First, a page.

Big Day Out founder Ken West has entered the debate about when music festivals might come back, claiming that a “test event” will likely be required before a full-scale return can occur.
West’s comments came via an open letter published on Thursday, which saw him speculate on the future of music festivals, and whether large-scale events (such as Splendour in the Grass) could return in the wake of COVID-19 without a smaller-scale event as an indicator of safety.
“The best chance a major festival would have to get a green light would be as a test event,” West explained.
“It might require everyone entering to be registered, COVID-tested and have the app to see if it works on a large scale. Governments love tests and PM ScoMo openly wants everyone, especially cynical young people, to download the COVID app.”
As he continued, West noted that it was more likely that immediate music-related re-openings would “most likely focus on local community and not destination events”.
“Pubs, clubs and theatres have been struggling for years from a glut of events and festivals. They employ a lot of people, cater for locals and desperately need support to stay in business,” he added.
West’s comments come following a week which saw Falls Festival organisers look ahead to their upcoming 2020/21 event, noting that while they are working alongside health authorities, they are currently aiming to deliver a “home grown” lineup for the next edition of the festival.
“Today we’re letting you know that while we’re living in strange times, we’re choosing the bright side,” organisers Jess Ducrou and Paul Piticco wrote. “Our team is moving ahead and we hope we’ll be seeing you all in December/January for an all Aussie edition of Falls Festival.”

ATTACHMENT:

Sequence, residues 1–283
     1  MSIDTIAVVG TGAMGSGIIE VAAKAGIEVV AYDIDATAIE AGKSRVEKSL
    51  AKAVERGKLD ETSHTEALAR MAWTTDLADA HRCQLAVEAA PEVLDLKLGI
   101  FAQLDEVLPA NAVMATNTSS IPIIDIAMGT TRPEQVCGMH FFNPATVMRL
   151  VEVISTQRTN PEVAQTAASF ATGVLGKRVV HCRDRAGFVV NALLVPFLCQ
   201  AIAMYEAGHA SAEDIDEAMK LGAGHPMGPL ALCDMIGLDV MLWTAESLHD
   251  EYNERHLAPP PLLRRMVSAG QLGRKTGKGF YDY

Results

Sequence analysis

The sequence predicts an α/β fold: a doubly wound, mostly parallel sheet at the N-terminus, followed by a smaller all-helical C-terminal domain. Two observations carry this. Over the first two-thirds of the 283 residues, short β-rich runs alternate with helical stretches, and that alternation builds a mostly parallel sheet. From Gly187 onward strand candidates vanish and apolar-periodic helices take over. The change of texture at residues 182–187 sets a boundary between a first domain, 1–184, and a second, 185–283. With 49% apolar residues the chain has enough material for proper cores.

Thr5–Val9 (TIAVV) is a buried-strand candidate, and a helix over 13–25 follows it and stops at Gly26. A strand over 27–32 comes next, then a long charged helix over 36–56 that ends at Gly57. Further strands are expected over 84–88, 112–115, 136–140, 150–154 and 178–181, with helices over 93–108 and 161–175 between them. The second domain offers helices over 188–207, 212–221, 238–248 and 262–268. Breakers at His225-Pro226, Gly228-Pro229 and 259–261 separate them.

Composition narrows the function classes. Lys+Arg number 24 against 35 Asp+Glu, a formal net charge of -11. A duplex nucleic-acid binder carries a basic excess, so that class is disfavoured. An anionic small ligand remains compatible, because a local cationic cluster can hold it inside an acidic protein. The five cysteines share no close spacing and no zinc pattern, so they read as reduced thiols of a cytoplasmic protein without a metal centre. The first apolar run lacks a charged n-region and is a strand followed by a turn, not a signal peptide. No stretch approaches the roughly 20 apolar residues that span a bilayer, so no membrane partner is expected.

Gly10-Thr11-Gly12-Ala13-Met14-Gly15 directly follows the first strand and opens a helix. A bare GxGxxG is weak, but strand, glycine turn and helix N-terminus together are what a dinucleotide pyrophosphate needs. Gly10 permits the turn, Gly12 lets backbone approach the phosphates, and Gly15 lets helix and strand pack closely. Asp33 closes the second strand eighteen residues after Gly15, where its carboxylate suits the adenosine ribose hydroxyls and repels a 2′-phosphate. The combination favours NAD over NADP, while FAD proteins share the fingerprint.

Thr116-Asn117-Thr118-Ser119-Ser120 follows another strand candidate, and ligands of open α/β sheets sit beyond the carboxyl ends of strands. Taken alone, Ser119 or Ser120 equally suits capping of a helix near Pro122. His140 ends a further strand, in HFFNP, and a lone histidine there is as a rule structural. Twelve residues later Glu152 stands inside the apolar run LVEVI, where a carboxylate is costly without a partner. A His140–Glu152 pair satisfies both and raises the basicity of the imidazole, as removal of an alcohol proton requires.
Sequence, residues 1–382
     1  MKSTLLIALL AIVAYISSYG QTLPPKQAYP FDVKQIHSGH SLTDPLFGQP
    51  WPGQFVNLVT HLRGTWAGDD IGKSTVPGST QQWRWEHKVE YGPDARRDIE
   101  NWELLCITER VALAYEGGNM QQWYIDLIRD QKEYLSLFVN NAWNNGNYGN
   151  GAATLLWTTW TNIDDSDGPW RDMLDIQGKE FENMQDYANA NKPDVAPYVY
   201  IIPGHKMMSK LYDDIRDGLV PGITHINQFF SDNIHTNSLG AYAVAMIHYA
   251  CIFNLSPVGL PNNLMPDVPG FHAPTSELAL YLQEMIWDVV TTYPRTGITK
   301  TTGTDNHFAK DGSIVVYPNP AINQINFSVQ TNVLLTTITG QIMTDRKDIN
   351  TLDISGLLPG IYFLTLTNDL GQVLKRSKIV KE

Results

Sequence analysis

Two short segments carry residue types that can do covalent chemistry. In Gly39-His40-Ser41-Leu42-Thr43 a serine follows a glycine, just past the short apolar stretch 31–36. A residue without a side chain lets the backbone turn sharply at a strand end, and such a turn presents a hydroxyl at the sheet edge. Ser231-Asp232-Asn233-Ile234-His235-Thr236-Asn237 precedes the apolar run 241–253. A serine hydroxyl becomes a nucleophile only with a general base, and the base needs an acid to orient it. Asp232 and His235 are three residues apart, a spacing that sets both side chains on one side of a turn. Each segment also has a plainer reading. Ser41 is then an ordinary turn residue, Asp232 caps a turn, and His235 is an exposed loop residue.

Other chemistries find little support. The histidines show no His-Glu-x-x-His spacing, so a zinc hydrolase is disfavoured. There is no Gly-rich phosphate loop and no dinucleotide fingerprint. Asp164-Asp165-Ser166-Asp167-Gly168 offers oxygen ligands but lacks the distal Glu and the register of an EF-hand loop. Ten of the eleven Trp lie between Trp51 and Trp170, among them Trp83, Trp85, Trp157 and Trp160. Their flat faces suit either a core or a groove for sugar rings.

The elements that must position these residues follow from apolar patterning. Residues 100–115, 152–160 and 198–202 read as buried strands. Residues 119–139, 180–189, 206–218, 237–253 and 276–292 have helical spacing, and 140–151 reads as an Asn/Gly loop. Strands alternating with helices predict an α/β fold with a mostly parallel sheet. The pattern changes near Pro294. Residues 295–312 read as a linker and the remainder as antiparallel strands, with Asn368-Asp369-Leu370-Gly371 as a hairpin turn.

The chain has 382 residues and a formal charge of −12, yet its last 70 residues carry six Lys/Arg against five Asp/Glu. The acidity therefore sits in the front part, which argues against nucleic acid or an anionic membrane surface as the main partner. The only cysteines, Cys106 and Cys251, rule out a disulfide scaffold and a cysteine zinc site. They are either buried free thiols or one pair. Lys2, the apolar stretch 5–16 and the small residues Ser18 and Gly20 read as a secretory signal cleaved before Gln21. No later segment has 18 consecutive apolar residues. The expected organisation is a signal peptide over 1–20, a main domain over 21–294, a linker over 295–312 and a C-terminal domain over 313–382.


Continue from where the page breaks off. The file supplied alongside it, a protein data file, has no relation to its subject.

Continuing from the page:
These plans coincided with comments from industry veteran Michael Chugg, who claimed that the current plans for Splendour in the Grass to take place in October (after rescheduling from July) are “ambitious”.
“It’s a punt, they’re taking a punt,” Chugg explained on The Briefing podcast. “You know I don’t want to be negative towards Splendour or any of the festivals. We’d like to have a couple going on as well, but I think October is very ambitious.”
However, while West notes that the current situation can bode well for the future of local talent on festival lineups, he also claims that the current situation could actually help the Australian market in the long-term.
“Anything this side of 2020 will battle to get clearance,” West noted. “But maybe that’s not a bad thing for now. Pubs, clubs and theatres have been struggling for years from a glut of events and festivals.
“They employ a lot of people, cater for locals and desperately need support to stay in business. Maybe it wouldn’t hurt festivals to have a break from the market as well.
“This can be a great time for supporting Australian and soon New Zealand artists at least until the borders re-open, hopefully longer.”